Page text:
Recent Examples on the Web: Adjective Aaron Rodgers, the prodigal son, held court following his first practice with the Green Bay Packers following his long stalemate with the team. Mike Hart, Milwaukee Journal Sentinel, 30 July 2021 There are only 10 Sox players left who were members of the 2018 team, including prodigal son Brandon Workman. BostonGlobe.com, 18 July 2021 But both used the rebuilding period of the years afterward to show off their prodigal athletic talents. Andy Larsen, The Salt Lake Tribune, 30 Apr. 2021 The parable of the prodigal son, in particular, is cleverly staged and emotionally real. Matthew J. Palm, orlandosentinel.com, 24 Apr. 2021 While Harry will be keeping to himself before attending the funeral, the prodigal son returns to another gusher of coverage, where the emergent narrative now appears to be: Will the royal family and Harry patch things up? Washington Post, 12 Apr. 2021 Intel's board, which passed him over for the top job in 2005, this year decided to welcome back the prodigal son following a rocky period under prior CEO Bob Swan. Aaron Pressman, Fortune, 23 Mar. 2021 In a 2018 video posted on the church’s Facebook page, Long discussed how the biblical parable of the prodigal son led him to rededicate his life to Jesus Christ. Jeremy Redmon, ajc, 20 Mar. 2021 The prodigal painter later left Zuccato’s studio to study with Giovanni Bellini, one of the most prominent Venetian artists of his time. Isis Davis-marks, Smithsonian Magazine, 4 Mar. 2021 Recent Examples on the Web: Noun He is angered by his father’s instant acceptance of the prodigal’s return. Scott Burns, Dallas News, 18 Dec. 2020 As a youth, Mr. Graham, now 65, was the prodigal of the Graham family, a college dropout fond of alcohol. Elizabeth Dias, New York Times, 27 May 2018

These example sentences are selected automatically from various online news sources to reflect current usage of the word 'prodigal.' Views expressed in the examples do not represent the opinion of Merriam-Webster or its editors. Send us feedback.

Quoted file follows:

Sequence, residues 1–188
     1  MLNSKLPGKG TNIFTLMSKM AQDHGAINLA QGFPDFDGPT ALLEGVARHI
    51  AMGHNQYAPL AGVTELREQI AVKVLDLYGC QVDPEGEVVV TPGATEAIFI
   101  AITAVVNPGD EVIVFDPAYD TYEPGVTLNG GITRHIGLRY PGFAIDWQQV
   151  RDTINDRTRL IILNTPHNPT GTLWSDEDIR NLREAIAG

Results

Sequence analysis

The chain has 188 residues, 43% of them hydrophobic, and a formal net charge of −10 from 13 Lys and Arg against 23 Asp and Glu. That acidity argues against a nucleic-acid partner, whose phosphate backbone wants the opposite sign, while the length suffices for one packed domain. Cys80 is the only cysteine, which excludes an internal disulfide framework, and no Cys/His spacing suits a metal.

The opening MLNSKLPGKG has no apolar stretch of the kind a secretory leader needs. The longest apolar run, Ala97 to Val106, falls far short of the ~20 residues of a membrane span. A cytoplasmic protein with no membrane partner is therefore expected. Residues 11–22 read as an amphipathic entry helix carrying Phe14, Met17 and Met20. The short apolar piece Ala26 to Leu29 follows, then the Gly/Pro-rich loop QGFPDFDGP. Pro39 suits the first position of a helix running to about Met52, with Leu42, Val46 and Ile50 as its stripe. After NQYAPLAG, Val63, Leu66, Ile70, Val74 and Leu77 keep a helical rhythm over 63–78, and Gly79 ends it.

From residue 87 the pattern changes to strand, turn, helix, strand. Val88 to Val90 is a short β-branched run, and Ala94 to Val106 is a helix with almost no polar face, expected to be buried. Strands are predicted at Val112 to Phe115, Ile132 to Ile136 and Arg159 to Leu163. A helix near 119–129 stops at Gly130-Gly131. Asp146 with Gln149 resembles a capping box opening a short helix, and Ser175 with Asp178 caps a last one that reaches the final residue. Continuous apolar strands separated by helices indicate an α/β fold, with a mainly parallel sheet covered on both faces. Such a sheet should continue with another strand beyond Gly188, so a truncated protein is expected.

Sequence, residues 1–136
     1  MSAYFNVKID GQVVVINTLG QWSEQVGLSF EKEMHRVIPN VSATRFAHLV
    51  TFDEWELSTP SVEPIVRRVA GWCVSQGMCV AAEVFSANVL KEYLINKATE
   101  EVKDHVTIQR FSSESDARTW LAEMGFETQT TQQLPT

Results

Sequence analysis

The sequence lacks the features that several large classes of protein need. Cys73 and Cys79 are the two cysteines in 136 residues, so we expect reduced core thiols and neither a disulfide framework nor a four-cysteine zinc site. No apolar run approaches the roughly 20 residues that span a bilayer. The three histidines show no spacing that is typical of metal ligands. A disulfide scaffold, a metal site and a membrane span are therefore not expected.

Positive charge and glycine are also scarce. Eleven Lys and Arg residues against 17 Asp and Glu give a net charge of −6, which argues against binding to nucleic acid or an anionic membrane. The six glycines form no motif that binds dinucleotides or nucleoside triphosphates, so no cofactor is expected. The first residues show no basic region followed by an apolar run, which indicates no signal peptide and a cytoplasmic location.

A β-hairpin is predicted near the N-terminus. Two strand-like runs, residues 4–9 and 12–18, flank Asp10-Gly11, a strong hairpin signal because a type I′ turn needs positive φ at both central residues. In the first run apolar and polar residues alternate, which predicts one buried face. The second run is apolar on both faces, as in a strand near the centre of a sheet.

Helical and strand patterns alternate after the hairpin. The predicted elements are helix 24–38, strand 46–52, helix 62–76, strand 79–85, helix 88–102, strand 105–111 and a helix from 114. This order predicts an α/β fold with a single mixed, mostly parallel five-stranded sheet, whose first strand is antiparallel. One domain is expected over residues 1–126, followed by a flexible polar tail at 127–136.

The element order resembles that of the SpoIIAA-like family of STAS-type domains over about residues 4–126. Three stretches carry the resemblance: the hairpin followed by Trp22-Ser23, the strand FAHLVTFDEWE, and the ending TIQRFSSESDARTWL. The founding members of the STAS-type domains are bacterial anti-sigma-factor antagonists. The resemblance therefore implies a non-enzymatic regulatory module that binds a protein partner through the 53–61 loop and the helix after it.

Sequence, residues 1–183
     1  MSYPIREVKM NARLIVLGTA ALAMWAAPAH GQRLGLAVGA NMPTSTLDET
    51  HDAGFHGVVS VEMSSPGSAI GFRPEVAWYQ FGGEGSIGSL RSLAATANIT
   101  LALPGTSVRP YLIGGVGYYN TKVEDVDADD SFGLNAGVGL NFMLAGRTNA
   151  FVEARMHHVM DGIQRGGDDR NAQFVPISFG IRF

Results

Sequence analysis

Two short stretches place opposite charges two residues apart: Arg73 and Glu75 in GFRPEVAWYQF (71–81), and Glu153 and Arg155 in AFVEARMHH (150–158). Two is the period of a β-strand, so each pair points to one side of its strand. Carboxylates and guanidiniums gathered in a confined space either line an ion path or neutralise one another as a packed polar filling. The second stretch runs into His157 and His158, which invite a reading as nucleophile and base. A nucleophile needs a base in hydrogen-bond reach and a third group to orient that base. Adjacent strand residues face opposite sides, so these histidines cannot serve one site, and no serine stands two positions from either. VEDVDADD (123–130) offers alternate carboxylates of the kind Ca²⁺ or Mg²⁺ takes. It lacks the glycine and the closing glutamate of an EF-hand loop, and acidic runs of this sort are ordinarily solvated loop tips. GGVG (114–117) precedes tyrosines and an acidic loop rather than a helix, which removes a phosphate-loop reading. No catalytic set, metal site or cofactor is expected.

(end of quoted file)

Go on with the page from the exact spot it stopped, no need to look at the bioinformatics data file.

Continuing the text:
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First Known Use of prodigal

Adjective

15th century, in the meaning defined at sense 1

Noun

1561, in the meaning defined at sense 1

History and Etymology for prodigal

Adjective and Noun

Latin prodigus, from prodigere to drive away, squander, from pro-, prod- forth + agere to drive — more at pro-, agent

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Time Traveler for prodigal

Time Traveler

The first known use of prodigal was in the 15th century

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Dictionary Entries Near prodigal

Prodi

prodigal

prodigalize

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Statistics for prodigal

Last Updated

6 Aug 2021

Cite this Entry

“Prodigal.” Merriam-Webster.com Dictionary, Merriam-Webster, https://www.merriam-webster.com/dictionary/prodigal. Accessed 26 Sep. 2021.

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More Definitions for prodigal

prodigal

adjective

English Language Learners Definition of prodigal

: carelessly and foolishly spending money, time, etc.

prodigal

adjective
prod·​i·​gal | \ ˈprä-di-gəl How to pronounce prodigal (audio) \

Kids Definition of prodigal

 (Entry 1 of 2)

: carelessly wasteful a prodigal spender

prodigal

noun

Kids Definition of prodigal (Entry 2 of 2)

: somebody who wastes money carelessly

More from Merriam-Webster on prodigal

Nglish: Translation of prodigal for Spanish Speakers